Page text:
Have you ever found yourself in a pinch and wondered if you could use table salt in your pool? It’s a common question, especially for new pool owners who are still learning the ins and outs of pool maintenance. In this article, we’ll delve into the details and provide a comprehensive answer to this burning question. Stick around to find out why it’s not recommended to use table salt in a saltwater pool.
Understanding the Difference: Pool Salt vs. Table Salt
One of the most common misconceptions is that all salts are the same. However, when it comes to your saltwater pool, this couldn’t be further from the truth.
What’s in Your Table Salt?
Table salt, the type you sprinkle on your food to add flavor, often contains added elements like iodine and anti-caking agents. Iodized salt, in particular, is intended for dietary use as the iodine it contains is essential for maintaining healthy thyroid function in humans. While it’s great for your body, it’s not so great for your pool.
Why Isn’t Table Salt Good for Your Pool?
The iodine in table salt can cause issues in a saltwater pool. Pool salt should ideally be between 95% and 100% pure. The addition of iodine and other compounds in table salt reduces its purity, making it less suitable for pool use.
The Size Matters: Comparing the Crystal Sizes
Apart from the purity, there’s another significant difference between table salt and pool salt – the size of the crystals.
Table Salt: Made for Speedy Dissolving
Table salt is designed with small, fine crystals. These tiny crystals are perfect for dissolving quickly in food, ensuring a uniform distribution of flavor. But this very feature that makes table salt so excellent for cooking is what makes it less ideal for your pool.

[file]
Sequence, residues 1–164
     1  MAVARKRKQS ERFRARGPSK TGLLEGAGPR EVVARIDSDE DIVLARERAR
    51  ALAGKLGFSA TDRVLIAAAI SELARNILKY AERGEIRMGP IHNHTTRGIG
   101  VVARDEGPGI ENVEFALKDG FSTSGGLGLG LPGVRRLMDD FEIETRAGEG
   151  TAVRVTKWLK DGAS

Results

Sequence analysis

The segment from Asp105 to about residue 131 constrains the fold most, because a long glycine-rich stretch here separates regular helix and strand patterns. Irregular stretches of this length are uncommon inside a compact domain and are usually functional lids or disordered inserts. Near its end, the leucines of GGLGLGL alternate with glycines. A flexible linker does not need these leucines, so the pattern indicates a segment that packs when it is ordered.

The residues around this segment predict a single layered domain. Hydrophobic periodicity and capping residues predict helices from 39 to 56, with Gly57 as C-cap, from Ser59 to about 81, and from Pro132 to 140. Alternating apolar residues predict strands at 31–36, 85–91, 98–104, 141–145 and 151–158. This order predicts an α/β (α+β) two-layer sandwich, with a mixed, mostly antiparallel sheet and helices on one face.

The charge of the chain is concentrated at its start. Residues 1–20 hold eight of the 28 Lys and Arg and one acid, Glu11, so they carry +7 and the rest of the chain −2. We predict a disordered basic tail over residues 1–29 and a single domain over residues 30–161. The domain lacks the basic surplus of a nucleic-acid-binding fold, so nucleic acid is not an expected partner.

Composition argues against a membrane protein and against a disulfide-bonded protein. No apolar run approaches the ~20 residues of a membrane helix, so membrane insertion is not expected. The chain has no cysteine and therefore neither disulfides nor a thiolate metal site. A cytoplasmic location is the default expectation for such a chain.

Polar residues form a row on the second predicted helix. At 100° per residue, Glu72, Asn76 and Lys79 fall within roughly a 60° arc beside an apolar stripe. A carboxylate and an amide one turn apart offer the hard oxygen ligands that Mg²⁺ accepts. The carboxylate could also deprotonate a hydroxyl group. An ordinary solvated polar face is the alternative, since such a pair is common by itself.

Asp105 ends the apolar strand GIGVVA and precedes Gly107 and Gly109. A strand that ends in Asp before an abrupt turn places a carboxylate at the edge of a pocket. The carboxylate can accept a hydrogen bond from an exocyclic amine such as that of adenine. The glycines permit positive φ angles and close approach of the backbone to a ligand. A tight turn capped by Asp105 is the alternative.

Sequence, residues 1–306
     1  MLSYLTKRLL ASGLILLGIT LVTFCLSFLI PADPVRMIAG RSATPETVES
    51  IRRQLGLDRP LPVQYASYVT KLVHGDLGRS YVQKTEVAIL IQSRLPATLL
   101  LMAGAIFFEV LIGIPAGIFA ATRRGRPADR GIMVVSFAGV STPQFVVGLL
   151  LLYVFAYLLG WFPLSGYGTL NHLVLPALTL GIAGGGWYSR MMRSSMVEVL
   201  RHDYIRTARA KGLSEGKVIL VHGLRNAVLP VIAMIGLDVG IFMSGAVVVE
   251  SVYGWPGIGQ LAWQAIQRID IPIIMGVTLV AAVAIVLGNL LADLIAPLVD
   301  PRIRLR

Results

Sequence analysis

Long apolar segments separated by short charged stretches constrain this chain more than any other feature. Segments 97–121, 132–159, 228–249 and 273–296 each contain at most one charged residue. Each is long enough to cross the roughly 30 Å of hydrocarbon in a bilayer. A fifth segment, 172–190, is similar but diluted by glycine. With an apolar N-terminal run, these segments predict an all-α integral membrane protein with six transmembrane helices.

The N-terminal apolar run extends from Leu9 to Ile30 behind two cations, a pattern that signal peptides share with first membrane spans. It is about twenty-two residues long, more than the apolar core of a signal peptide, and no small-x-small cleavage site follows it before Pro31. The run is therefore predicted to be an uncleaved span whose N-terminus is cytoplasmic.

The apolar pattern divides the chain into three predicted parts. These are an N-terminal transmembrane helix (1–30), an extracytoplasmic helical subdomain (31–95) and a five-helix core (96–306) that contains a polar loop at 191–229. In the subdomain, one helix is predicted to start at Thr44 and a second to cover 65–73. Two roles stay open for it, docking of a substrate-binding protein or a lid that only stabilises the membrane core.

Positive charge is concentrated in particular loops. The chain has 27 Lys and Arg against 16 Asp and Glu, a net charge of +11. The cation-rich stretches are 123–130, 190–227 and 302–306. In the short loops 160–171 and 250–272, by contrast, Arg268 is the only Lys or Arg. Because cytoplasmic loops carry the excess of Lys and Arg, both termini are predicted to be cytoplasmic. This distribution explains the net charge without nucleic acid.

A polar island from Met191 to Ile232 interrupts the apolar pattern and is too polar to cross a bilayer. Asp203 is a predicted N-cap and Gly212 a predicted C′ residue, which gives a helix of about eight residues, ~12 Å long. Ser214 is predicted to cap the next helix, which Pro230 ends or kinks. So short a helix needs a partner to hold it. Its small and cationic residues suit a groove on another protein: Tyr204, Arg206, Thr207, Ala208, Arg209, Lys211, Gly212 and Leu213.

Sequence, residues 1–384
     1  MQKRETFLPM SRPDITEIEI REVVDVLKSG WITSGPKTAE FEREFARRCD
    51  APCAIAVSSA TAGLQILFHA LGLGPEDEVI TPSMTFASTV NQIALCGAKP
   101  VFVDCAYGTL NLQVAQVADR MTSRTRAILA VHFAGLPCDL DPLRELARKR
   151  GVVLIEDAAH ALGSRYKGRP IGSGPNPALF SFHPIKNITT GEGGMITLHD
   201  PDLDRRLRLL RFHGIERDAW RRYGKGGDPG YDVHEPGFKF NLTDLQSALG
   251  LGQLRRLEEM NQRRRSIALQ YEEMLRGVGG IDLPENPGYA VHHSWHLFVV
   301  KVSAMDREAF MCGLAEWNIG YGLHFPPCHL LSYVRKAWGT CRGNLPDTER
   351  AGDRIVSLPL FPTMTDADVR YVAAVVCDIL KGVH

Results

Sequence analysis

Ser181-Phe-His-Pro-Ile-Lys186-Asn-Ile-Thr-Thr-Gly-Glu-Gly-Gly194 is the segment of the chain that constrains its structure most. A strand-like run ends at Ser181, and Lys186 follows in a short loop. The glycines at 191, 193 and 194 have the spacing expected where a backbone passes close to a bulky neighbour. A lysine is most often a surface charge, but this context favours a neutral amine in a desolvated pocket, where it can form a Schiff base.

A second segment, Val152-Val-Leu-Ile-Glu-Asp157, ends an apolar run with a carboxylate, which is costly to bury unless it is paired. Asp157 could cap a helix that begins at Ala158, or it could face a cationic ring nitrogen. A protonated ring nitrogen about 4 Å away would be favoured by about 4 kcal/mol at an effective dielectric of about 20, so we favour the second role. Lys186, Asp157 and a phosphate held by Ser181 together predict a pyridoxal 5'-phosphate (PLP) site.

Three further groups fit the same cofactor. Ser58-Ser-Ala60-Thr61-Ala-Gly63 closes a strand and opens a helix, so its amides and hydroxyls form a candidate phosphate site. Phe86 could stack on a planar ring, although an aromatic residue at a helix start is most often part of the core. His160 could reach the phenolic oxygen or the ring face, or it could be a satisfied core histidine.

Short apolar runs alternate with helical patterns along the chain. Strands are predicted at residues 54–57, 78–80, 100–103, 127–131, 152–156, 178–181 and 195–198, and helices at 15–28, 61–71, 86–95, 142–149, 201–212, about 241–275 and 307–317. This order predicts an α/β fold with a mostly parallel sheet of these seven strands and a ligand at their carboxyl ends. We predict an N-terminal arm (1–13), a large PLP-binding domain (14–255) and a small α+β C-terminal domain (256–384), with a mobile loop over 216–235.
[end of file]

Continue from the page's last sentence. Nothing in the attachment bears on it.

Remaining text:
Pool Salt: Tailored for Your Pool’s Needs
Pool salt, on the other hand, consists of much larger crystals. This size difference isn’t just for show; it plays a crucial role in how the salt functions in your pool. The larger crystals dissolve more slowly, allowing for a more controlled release of salt into your pool water.
Conclusion: Stick to Pool Salt for Your Pool
Understanding the differences between table salt and pool salt can make all the difference in maintaining a healthy, clean pool. While it may be tempting to substitute table salt in a pinch, it’s best to stick with pool salt. Not only does it ensure the right levels of purity, but the size of its crystals also makes it better suited to the task.
Remember, your pool is an investment. Taking the time to use the right materials, like pool salt, will help protect that investment for years to come. So next time you’re in the pool care aisle, make sure you’re picking up pool salt, not table salt.
We hope this article has clarified the matter for you, and as always, happy swimming!